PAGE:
Cassini Prepares For Close Encounter With Saturn

NASA‘s Cassini spacecraft is getting ready for a close encounter with Saturn tomorrow. The spacecraft will take pictures of Saturn’s moon, Hyperion. Hyperion is large and shaped irregularly, and has a disorderly orbit around Saturn.

Hyperion is only 168 miles in diameter and its chaotic orbit around Saturn makes it difficult to be studied by scientists. Therefore, data extracted from this close encounter with Saturn by the Cassini spacecraft will prove to be valuable for scientists.

Encounter with Saturn Will Gather Many New Details

The Cassini spacecraft is expected to encounter Hyperion at only 21,000 miles from its surface, at around 9:36 a.m. EDT on Sunday. The most notable encounter happened on September 26, 2005, when the spacecraft got to a mere 314 miles away from Hyperion.

Scientists hope to be able to see details of the moon’s terrain, and see if they differ from previous documented information. Images of Hyperion will be beamed to Earth by Cassini. We already know that Hyperion appears to have a strange, spongy appearance due to its having a very low density for such a large moon. This means that it likely has a very weak force of gravity and that if something impacts its surface, the object may push the surface in instead of making a dent or crater.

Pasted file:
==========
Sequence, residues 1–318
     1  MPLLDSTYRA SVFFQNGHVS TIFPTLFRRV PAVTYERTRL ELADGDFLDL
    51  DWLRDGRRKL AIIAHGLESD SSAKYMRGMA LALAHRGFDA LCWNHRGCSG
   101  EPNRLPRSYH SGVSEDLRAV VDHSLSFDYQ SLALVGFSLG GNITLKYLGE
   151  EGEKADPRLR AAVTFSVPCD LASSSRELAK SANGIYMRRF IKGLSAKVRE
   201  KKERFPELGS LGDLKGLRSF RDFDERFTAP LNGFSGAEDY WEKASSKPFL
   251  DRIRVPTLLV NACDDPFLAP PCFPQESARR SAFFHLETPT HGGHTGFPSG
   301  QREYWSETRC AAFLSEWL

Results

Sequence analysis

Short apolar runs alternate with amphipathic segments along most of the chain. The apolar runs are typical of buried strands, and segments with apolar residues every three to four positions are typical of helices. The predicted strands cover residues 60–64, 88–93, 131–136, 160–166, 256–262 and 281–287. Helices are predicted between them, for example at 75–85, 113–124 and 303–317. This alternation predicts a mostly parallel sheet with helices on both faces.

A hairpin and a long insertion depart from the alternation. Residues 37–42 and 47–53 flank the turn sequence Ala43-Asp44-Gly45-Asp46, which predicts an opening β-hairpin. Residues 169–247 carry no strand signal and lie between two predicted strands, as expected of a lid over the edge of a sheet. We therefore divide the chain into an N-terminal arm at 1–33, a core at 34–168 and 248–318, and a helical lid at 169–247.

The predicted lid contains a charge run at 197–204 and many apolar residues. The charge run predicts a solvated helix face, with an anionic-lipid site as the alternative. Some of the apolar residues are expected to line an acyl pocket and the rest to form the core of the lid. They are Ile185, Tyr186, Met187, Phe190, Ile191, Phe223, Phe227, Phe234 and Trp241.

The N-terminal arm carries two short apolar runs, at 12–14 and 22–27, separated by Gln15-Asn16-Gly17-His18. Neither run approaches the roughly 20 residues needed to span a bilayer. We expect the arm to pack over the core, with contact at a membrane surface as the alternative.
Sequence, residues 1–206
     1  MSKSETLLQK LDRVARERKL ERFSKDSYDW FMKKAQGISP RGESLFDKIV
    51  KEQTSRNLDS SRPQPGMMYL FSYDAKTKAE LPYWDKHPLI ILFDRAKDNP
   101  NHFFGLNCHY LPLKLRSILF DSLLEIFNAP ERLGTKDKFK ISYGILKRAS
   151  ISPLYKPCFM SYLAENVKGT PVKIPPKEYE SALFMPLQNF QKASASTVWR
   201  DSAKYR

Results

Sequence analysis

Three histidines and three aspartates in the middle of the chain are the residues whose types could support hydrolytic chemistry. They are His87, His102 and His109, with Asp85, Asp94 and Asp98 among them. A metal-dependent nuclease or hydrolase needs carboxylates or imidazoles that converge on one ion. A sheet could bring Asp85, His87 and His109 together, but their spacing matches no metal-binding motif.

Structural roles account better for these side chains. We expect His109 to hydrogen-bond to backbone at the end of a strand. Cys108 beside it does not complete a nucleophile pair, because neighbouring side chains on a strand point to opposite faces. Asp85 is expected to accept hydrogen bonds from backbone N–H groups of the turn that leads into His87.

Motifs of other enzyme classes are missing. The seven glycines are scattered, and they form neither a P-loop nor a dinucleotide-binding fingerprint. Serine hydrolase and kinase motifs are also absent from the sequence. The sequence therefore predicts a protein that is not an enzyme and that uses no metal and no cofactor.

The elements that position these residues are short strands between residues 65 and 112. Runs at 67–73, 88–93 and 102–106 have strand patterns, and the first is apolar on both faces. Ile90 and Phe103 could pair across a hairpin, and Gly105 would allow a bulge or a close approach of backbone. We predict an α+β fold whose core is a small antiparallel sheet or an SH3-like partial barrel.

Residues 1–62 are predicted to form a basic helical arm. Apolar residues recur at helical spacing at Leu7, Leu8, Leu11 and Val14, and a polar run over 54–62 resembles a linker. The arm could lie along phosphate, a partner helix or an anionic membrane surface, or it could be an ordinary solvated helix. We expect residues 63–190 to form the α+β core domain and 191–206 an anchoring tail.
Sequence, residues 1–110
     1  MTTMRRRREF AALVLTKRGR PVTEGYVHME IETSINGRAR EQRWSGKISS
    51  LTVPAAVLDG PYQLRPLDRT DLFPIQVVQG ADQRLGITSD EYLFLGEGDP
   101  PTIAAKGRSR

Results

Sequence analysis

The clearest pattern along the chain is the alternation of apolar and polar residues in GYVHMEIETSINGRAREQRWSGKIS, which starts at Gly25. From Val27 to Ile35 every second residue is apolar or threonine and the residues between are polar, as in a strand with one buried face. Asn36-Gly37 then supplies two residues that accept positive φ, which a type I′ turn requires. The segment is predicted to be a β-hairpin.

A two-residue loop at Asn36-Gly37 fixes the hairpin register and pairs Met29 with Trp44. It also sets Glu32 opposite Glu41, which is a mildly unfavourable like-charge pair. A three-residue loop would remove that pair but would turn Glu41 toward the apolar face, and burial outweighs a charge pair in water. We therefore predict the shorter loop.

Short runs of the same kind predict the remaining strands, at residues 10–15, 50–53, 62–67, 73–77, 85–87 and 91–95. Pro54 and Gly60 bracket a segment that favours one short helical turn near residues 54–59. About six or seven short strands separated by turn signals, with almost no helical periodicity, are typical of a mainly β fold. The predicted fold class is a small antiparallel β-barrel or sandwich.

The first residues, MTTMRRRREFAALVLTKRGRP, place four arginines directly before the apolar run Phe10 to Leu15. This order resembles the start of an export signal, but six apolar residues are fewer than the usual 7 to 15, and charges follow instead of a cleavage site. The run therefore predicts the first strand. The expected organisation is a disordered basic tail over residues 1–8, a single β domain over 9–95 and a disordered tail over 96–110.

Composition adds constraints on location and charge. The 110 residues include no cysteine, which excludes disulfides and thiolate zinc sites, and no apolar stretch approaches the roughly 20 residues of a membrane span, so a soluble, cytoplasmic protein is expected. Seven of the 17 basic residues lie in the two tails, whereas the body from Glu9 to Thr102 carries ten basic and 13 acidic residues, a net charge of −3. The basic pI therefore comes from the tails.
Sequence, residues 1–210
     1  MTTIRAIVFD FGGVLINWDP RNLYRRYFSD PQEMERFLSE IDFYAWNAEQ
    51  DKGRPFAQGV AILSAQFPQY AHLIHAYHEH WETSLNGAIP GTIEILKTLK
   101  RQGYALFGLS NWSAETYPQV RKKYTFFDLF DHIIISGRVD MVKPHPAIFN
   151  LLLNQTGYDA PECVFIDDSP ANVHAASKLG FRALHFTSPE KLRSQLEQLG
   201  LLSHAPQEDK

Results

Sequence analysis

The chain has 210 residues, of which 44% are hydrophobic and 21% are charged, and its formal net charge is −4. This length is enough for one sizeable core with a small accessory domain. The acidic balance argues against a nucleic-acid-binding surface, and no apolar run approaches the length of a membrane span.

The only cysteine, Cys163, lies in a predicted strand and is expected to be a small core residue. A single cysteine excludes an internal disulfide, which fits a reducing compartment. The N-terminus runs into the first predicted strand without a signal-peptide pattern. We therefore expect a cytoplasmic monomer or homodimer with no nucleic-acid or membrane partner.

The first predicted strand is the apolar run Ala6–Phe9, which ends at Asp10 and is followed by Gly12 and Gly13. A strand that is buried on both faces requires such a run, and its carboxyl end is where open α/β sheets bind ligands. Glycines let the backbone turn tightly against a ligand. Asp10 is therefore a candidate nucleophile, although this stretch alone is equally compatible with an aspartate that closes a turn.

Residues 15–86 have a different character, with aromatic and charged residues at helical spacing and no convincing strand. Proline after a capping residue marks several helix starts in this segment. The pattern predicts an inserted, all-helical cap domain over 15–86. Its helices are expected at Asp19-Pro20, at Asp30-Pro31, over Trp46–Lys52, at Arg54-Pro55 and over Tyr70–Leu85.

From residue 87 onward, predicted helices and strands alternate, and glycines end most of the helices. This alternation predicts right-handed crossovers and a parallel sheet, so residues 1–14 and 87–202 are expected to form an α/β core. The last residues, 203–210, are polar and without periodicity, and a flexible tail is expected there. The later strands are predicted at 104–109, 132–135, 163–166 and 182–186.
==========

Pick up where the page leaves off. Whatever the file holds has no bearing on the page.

Cassini Is Part of the Cassini-Huygens Mission Venture

The Cassini spacecraft is part of the Cassini-Huygens mission,  a partnership between NASA, the European Space Agency and the Italian Space Agency.

So far, it has made several notable accomplishments on this mission. For instance, in 2005, it discovered evidence that icy sprays were forming on Saturn’s sixth biggest moon, Enceladus. Research later confirmed that there was hydrothermal activity on this moon, and reported that the ice sprays could be curtains or sheets, instead of being jet-like.

Cassini Continues Saturn Exploration Mission

Cassini will continue routing for its close encounter with Saturn next month, when it is expected to fly within 321 miles of the moon Dione. In addition, it will fly by Enceladus in October and get within 30 miles of the moon to get more data on the icy spray mystery.

Once Cassini has finished its mission of collecting data and taking photos of Saturn and its moons, it is expected to start making dives into the rings of Saturn some time in 2016.